March 2, 2000 Schoolhouse Rock
All week long I’ve caught myself thinking about Rufus Xavier Sarsaparilla and a poor little bill sitting on Capitol Hill. I’ve been humming the multiplication tables and Preamble to myself, and I’ve visualized a little girl pulling adjectives out of a big red bag, and a huge pot of people. I’m not going crazy-I’ve just been exposed to Schoolhouse Rock.
It all started last Friday at JETAA Karaoke Night. Our president, Chris, put in “Three is a Magic Number” for us all to sing together, but I was totally clueless. He was quite surprised that I didn’t know the song, or any of the animated cartoon shorts from Schoolhouse Rock. I dismissed it, we sang the Muppets Song, and I almost forgot about the whole thing.
In Monday at work, I thought it would be good lunchtime conversation to relate my JETAA Karaoke Night experience. After all, JETAA is a pretty diverse group, and we all have a great time together despite the fact that sometimes our only shared likeness is that we loved the time we spent in Japan. I remember saying something like, “Yeah, there was this guy, and he was singing some kinda Schoolhouse Rock thing, and I had no idea-“
The next thing I knew, Joy and Marnie, aghast at the words that just came out of my mouth, stared at me with stunned faces, and continuously asked, “You honestly don’t know what Schoolhouse Rock is?” And Joy, determined to educate me on something I obviously missed as a child, proceeded to find the videos and songs archived on the Internet for me.
I must admit, I was pleasantly surprised. Schoolhouse Rock is totally cool.
Schoolhouse Rock is a series of 41 animated segments that aired between Saturday morning cartoons from 1973 to 1985. As often as seven times each weekend, these three-minute “educational commercials” would tell the story of America (America Rock), explain the different parts of speech (Grammar Rock), illustrate the wonders of the science world (Science Rock), or teach multiplication tables (Multiplication Rock), using catchy tunes and cheerful animation. Created by David McCall, whose intent was to creatively make learning fun for his son, Schoolhouse Rock successfully taught those who faithfully watched, listened, and remembered its tunes.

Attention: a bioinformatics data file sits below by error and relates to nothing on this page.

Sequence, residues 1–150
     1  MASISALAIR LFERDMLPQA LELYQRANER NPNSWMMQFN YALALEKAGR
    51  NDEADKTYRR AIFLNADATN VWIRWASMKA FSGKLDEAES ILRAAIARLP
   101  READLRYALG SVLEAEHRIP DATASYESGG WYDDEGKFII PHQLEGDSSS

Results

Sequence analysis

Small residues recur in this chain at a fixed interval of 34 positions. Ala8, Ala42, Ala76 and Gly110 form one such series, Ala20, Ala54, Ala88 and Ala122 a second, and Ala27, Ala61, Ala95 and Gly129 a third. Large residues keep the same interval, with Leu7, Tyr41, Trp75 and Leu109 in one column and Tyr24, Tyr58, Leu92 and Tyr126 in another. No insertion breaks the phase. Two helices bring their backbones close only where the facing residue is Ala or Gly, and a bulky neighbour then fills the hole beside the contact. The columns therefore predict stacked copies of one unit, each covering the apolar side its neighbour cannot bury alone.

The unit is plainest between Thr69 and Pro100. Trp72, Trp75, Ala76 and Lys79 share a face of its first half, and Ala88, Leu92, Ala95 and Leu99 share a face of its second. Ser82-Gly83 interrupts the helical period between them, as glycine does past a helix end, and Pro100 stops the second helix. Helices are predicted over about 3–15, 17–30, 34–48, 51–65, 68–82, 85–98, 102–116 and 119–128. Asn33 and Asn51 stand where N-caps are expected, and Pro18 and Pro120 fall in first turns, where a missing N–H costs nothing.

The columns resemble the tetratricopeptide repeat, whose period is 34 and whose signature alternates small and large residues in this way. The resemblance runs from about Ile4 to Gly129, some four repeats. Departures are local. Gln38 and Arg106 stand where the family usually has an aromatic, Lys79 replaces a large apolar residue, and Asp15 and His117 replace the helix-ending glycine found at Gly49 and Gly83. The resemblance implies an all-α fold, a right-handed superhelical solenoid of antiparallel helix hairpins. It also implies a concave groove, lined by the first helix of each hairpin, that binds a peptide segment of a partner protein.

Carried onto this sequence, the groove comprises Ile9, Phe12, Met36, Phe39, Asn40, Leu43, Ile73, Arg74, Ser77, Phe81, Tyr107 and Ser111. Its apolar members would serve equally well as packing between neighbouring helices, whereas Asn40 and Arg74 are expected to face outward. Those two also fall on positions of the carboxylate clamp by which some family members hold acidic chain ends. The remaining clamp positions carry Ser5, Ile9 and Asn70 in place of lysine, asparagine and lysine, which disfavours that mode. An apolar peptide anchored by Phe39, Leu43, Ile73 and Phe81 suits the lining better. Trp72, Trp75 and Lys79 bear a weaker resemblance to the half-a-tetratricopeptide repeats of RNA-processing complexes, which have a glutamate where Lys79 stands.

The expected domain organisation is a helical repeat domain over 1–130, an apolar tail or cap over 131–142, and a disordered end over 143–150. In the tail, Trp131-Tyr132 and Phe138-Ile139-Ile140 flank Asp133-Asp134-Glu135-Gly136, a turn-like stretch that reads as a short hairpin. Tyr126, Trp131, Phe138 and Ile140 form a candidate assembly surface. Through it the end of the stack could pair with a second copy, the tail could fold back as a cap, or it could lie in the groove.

Sure enough, in my unofficial poll this past week, I’ve concluded that I’m the only one who doesn’t remember watching Schoolhouse Rock between episodes of Bugs Bunny and Scooby Doo. I’ve heard so many renditions of “I’m Just a Bill” and “Conjunction Junction,” that I called my mom last night and asked her why I was deprived of this memory! She doesn’t remember it either, but after my convincing spiel on how incredible it is, she wants me to find the Multiplication Rock tapes for her to use to motivate her math students.
After its 12-year run, Schoolhouse Rock tried several times to make a comeback, but was never as successful. I believe that if strategically re-introduced and supported, Schoolhouse Rock will be as affectionately remembered for many children as it was for my generation.
But until then, you can find your favorite Schoolhouse Rock songs here:
You won’t be disappointed.
Susan Sensei’s English Lesson #20（スーザン先生の英語講座 その20）
For two years I taught English in Japan, and was “スーザン先生” to my students in Ikaho town, Gunma Prefecture. I will try and introduce new words and phrases for the Japanese visitor to Hawaii. Here is this week’s situation:
◆ “I’d like to reserve a room for 4 people tonight. Do you have any rooms available at 7:00?”
Have a nice trip!
|Loco Girl’s Profile（ロコ・ガールのプロフィール）
Born in Hilo, I grew up going fishing with Dad, shopping with Mom, and trying to be a good “big sister” to a younger sister and brother. A Waiakea High School and the University of Hawaii at Manoa alumni, I taught English in Japan for two years on the JET Program, and am now employed at PacRim Marketing Group, Inc. I love doing a lot of things-shopping, reading, lettering, making jewelry & crafts, watching Friends-and that’s just the start of my list! I like being busy, and am active with the JET Alumni Association (JETAA) and the Honolulu Junior Japanese Chamber of Commerce (HJJCC.) My family and friends are, of course, very important to me, and are why I live a very typical, happy, local-style life in Hawaii and will never leave!